Per-device registration fees: As part of a real-time auction process, the communications device itself could become key to the payment process. For example, the consumer’s price to purchase a device could include an airwaves’ registration fee (e.g., $5-$10), which would grant the ability to gain unlimited use at a specified power level. The device could include collision-detection and back-off features (similar to Wi-Fi) to limit congestion.
Either or both of these “dynamic auction mechanisms” would provide more efficient use of spectrum, Google says. It adds that a consumer could purchase an Internet Protocol (IP)-enabled “smart” communications handset at a retail store and as part of that purchase, pay a one-time $10 registration fee to access the pertinent spectrum. In turn, an Internet Service Provider (ISP) may have secured the rights to service that same device via the real-time auction of a licensee’s spectrum holdings. Through the use of marketplace mechanisms, then, a particular slice of spectrum ends up in the hands of the user who values it most at any particular time and place, Google says. It requests that the FCC declare that any successful bidder in the upcoming 700 MHz auction be able to institute such practices.
Google’s Band Plan Proposal: The current band plan for the Lower 700 MHz Band includes an unpaired 6 MHz “E Block” (722-728 MHz) that resides in TV Channel 56. According to Google, this particular block appears to “lack any significant commercial value, due to the limited bandwidth available and it unpaired nature. In order to unlock the long-term commercial potential of the E Block, and create the greatest possible efficient uses, the Commission should designate it as suitable, primarily or exclusively, for the deployment of broadband communications platforms. Specifically, the E Block only should be (1) utilized for interactive, two-way broadband services, (2) connected to the public Internet, and (3) used to support innovative software-based applications, services, and devices.”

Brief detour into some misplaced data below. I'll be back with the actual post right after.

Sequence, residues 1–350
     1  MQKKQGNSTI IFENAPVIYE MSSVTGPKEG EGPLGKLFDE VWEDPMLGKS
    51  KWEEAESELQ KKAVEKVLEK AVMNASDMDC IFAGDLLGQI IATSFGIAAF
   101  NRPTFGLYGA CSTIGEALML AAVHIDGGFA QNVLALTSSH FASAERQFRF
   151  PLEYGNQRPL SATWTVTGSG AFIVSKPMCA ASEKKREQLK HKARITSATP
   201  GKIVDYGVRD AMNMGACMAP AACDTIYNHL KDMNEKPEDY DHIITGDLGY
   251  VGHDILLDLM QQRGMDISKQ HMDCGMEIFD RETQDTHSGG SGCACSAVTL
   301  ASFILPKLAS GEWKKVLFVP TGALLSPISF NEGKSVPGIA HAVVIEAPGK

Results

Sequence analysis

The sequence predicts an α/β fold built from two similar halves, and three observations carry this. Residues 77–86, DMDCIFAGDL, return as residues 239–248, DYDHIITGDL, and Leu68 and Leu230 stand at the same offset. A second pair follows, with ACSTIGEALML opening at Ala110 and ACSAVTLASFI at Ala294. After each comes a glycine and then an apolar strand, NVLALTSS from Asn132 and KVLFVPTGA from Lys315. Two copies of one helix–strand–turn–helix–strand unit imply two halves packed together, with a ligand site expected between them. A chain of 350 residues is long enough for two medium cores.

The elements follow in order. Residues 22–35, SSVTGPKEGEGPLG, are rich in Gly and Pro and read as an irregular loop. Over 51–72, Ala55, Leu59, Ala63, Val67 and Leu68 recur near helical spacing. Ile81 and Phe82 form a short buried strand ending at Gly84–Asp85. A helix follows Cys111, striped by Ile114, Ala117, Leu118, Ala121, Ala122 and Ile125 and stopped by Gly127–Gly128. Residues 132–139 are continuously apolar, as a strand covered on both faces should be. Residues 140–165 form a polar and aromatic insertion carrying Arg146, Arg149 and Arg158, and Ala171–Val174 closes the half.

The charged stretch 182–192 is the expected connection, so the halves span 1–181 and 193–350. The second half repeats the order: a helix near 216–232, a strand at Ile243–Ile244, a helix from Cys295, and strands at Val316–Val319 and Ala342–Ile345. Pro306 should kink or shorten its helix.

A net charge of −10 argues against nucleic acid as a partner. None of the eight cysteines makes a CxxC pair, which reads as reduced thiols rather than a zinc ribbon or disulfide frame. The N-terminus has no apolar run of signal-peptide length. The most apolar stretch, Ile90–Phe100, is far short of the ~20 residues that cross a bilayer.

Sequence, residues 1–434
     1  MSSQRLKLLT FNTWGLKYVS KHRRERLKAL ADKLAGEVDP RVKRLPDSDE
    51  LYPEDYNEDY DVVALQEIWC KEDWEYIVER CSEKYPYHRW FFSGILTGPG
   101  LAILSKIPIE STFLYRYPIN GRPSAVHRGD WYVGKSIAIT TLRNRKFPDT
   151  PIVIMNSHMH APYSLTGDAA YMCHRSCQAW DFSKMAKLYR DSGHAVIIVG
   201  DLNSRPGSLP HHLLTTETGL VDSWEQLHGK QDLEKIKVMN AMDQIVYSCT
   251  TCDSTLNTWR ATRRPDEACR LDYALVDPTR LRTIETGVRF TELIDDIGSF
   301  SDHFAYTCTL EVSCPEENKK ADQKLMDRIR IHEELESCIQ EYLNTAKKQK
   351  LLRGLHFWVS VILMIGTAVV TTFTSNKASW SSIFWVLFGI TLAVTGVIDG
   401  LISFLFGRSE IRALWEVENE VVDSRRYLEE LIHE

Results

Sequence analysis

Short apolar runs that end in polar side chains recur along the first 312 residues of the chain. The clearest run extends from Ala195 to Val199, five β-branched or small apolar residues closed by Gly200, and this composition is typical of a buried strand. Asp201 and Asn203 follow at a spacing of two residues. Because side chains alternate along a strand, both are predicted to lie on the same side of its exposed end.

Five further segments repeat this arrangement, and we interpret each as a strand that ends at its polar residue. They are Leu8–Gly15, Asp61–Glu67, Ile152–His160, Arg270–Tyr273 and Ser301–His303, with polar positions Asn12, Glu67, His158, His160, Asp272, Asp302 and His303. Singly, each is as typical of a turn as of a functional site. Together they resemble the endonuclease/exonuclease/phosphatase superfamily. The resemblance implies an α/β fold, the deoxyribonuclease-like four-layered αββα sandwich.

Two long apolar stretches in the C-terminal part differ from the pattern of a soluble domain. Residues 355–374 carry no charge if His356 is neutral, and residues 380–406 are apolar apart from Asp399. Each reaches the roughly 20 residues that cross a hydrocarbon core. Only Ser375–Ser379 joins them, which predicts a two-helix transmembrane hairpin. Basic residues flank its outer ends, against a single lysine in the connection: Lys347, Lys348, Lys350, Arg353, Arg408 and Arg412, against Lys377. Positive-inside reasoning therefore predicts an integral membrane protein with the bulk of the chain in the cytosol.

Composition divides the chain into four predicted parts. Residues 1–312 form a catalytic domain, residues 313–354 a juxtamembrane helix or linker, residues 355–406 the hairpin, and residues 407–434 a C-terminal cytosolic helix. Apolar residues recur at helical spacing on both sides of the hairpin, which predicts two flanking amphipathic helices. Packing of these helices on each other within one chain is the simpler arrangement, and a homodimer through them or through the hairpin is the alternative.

According to CNET, the Google proposal will be endorsed this week by one of the consortiums that is planning to bid in the spectrum auction: Frontline Wireless, an investor group founded by former FCC Chairman Reed Hundt, with a number of Silicon Valley venture capitalists including the Google investors L. John Doerr and Ram Shriram.
What Is Google Asking the FCC to Do?